The recent revelation that the campaign money-laundering case against Los Angeles school board member Ref Rodriguez has expanded to include separate allegations of conflict of interest reveals a hard truth: the public knows far too little about how our money is being spent on charter schools.
If the charter school group that Rodriguez cofounded, Partnerships to Uplift Communities (PUC), hadn’t held itself accountable, would we have ever found out about his potential conflict of interest? The office of the L.A. Unified inspector general must now be fully empowered to determine whether the $285,000 in public money Rodriguez transferred to nonprofits that he controlled actually contributed to the education of PUC students.
But there’s another pot of money we should be looking at while we’re at it. Last spring, In the Public Interest found that of the hundreds of millions of public dollars going to California charter school groups annually to lease, build, and buy school buildings, much is spent with little oversight or accountability due to inadequate state policy.
Not only has the public supported charter schools that have been found to have discriminatory enrollment policies, we’ve even given facilities funding to those that have engaged in unethical or corrupt practices. In a number of instances, groups have used this funding to pay above market rate rent to property owners they have close business ties with, effectively siphoning public money into private pockets.
A number of schools controlled by Rodriguez’s former employer have benefited from public facilities funding, but two stand out. Since 2011, PUC’s Community Charter Middle and Early College High School have received over $2.6 million through the state’s Charter Facility Grant Program—known as “SB740” funding—to help rent former medical office space in Lakeview Terrace. According to public records, for some of that time the private corporation that owned the property listed Rodriguez as its manager.
A number of questions come to mind: has PUC used all of its facilities funding on renting space for schools and for how much? Why did the amount of SB740 funding double for the Lakeview Terrace property so close to the time one of the schools located there closed?
The office of the inspector general should broaden its investigation to include Rodriguez’s role in the PUC’s use of SB740 funding. Parents and the public deserve to know whether all of the money was used to cultivate a safe, thriving learning environment for students.
The stakes are particularly high as state funding for public education continues to stagnate. Conflicts of interest drain valuable resources from a system where every dollar counts—and the burden often falls on students and parents.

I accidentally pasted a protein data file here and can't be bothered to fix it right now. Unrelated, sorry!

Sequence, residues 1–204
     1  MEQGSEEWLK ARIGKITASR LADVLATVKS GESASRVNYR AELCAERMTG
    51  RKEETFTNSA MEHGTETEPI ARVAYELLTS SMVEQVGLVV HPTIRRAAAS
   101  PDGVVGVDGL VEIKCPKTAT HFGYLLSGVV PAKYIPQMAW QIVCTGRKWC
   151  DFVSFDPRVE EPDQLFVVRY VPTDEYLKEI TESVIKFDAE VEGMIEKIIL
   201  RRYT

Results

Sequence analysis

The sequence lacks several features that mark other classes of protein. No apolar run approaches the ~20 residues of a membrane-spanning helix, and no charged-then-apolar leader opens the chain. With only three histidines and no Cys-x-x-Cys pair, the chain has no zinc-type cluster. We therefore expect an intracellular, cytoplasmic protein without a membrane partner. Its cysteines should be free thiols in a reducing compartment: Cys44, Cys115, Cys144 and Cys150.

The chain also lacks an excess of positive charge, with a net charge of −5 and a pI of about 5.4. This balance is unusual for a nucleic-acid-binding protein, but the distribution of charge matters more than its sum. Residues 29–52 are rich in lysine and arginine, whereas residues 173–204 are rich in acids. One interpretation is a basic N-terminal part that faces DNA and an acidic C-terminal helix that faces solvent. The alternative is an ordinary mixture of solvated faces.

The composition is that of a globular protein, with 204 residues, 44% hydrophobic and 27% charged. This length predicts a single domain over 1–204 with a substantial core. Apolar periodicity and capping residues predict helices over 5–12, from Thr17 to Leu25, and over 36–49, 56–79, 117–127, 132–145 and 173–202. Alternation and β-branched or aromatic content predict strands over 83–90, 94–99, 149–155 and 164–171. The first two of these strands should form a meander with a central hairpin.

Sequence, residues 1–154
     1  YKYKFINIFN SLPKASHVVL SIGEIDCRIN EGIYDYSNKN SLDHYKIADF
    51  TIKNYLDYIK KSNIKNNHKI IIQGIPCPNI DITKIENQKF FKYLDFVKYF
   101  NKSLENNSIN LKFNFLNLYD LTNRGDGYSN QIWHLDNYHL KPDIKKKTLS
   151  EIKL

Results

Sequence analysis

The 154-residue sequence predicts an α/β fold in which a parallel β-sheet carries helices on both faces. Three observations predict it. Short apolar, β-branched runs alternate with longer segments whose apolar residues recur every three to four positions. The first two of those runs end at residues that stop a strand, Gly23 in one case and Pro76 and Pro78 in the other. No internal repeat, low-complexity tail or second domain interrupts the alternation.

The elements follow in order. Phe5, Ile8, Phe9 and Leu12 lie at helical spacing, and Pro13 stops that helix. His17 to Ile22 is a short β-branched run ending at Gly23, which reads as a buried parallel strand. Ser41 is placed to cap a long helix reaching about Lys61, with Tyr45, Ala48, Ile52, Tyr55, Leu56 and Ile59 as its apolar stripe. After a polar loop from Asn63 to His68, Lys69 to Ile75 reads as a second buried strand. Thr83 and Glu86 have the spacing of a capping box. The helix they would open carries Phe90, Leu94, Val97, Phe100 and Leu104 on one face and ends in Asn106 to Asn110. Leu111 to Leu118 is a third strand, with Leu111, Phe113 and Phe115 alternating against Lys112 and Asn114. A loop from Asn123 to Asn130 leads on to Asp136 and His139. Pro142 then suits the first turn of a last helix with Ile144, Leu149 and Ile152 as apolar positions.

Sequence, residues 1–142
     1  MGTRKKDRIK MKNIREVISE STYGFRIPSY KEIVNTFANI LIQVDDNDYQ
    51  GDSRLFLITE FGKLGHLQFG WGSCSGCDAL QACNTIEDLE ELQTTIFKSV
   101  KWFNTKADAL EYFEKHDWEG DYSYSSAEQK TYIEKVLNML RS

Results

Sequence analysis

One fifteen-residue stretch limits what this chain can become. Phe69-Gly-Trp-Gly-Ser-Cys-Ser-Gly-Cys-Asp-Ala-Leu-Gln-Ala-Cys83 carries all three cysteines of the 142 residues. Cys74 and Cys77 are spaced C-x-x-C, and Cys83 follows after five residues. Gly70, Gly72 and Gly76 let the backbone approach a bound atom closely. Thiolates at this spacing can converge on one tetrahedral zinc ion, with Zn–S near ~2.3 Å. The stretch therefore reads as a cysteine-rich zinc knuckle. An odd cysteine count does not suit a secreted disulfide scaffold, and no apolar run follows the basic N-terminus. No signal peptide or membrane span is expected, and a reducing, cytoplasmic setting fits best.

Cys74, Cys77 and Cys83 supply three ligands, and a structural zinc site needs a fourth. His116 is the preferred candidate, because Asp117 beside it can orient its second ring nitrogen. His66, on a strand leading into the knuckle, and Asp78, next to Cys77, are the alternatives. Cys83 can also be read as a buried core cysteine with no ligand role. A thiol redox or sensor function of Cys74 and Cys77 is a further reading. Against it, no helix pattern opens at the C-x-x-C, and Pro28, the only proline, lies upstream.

Right here in Los Angeles, years of questionable spending by leaders and potential conflicts of interest at the Celerity chain of charter schools forced teachers to lean on students to fundraise for basic school supplies. After federal agents raided the chain’s headquarters last year, the state Board of Education shuttered two Celerity schools, leaving 1,400 students in kindergarten through eighth grade scrambling to find other options.
In 2016 in the Bay Area, Tri-Valley Learning Corporation filed for bankruptcy and abruptly closed its charter schools in Stockton and Livermore—but not before using hundreds of thousands of dollars in SB740 funding to rent property at three and one-half times market rate from a real estate company that had businesses ties to the group’s founder. The conflict of interest was just one of many across the organization, and students and parents bore the brunt of a culture of self-dealing. Just as school was beginning last year, Tri-Valley’s two Livermore schools announced teacher layoffs to pay down debt, prompting hundreds of students to flood nearby public schools.
“Essentially two once thriving schools were hijacked by a charter management corporation intent on private gain and profits on the backs of our kids under the guise of public education,” said Superintendent Kelly Bowers at a state oversight hearing last July.
Clearly, this is a statewide issue. Sacramento must make the necessary reforms to increase oversight and transparency in charter school facilities funding to best fulfill the needs of students, but Los Angeles can start by shining a light, right here, right now.
The office of the inspector general, which has sustained ongoing attacks by charter school groups, should be given full rein to investigate PUC’s SB740 funding. It’s the public’s money—we deserve to know how it was spent.